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Gonski 2.0: Major changes urged to overhaul education curriculum in Australia

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Changes: “Catholic education strongly supports the report’s recommendations that reduce the administrative and reporting burden on teachers and principals to ensure more time for their own professional learning and instructional leadership.” Photo: Austockphoto

THE Catholic education sector has welcomed sweeping changes recommended in the latest Gonski 2.0 report that advocates an overhaul of Australia’s school curriculum over five years.

The National Catholic Education Commission said the report reflected many of the strategies identified in Catholic sector submissions including recommendations to ensure a strong foundation for the early years of schooling and a stronger focus on critical thinking, creativity and complex problem-solving.

“This will require broad-based assessment and performance measures that teachers can use to inform their teaching and learning programs,” NCEC’s acting executive director Ray Collins said.

“Catholic education strongly supports the report’s recommendations that reduce the administrative and reporting burden on teachers and principals to ensure more time for their own professional learning and instructional leadership.”

Among the changes, businessman David Gonski wants to see the national curriculum progressively revised over five years to create a roadmap setting out progressive learning steps in each subject.

Teachers should also be prioritising literacy and numeracy to ensure students have the core basics before they turn eight, allowing a smooth transition between early childhood learning and school.

An overarching recommendation would ensure each student achieves a year’s worth of learning for each year at school.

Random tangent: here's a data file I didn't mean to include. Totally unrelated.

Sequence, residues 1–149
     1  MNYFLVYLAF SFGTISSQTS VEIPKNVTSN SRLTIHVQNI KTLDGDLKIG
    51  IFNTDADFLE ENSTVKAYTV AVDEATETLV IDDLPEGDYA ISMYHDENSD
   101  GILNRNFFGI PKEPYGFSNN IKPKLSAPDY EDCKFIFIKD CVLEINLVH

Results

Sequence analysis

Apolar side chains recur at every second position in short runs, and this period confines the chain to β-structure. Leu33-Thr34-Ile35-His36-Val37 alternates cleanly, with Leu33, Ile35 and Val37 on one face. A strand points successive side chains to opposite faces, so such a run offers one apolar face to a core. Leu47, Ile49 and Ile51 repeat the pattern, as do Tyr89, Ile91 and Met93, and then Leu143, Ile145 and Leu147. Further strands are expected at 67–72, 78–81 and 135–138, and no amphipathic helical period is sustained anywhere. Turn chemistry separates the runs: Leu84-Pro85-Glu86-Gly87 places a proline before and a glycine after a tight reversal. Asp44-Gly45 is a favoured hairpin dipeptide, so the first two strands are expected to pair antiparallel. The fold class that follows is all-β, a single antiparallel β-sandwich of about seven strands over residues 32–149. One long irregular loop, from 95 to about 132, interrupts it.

“To achieve this shift to growth, the review panel believes it is essential to move from a year-based curriculum to a curriculum expressed as learning progressions independent of year or age,” the report says.

Mr Collins described this recommendation as a commendable goal “which will make it absolutely necessary to reduce unnecessary bureaucracy and distractions to learning and teaching, and will have critical implications for the resourcing and funding of schools and systems”.

Federal Education Minister Simon Birmingham is hopeful a new reform agreement can be negotiated with state education counterparts this year, allowing changes to be implemented from 2019.

Mr Collins described that timeline as challenging, “largely because of its reliance on the co-operation of all sectors and governments”.

Many of the recommendations relied on reform at the school or classroom level, which required appropriate support, resources and local leadership.

“Central to the successful implementation of the recommendations is the recognition of the needs of school systems – such as the Catholic system, the nation’s largest provider of schooling outside government – to have the necessary autonomy to address need,” Mr Collins said.

“It’s a big challenge that will require a significant commitment from all governments and we hope that the upcoming federal budget will reflect the costs involved in implementing these proposed reforms, as well the recommendations from the recent report into regional, rural and remote education.”

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